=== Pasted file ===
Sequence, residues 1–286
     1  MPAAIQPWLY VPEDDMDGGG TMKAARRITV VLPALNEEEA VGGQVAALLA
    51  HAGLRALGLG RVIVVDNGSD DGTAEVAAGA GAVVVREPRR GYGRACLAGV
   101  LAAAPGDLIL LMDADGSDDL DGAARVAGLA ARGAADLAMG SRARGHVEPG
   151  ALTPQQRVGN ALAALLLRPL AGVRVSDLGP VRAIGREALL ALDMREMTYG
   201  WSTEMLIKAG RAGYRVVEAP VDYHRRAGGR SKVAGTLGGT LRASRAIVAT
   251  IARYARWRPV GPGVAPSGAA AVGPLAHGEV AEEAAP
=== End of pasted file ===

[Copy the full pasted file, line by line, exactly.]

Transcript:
Sequence, residues 1–286
     1  MPAAIQPWLY VPEDDMDGGG TMKAARRITV VLPALNEEEA VGGQVAALLA
    51  HAGLRALGLG RVIVVDNGSD DGTAEVAAGA GAVVVREPRR GYGRACLAGV
   101  LAAAPGDLIL LMDADGSDDL DGAARVAGLA ARGAADLAMG SRARGHVEPG
   151  ALTPQQRVGN ALAALLLRPL AGVRVSDLGP VRAIGREALL ALDMREMTYG
   201  WSTEMLIKAG RAGYRVVEAP VDYHRRAGGR SKVAGTLGGT LRASRAIVAT
   251  IARYARWRPV GPGVAPSGAA AVGPLAHGEV AEEAAP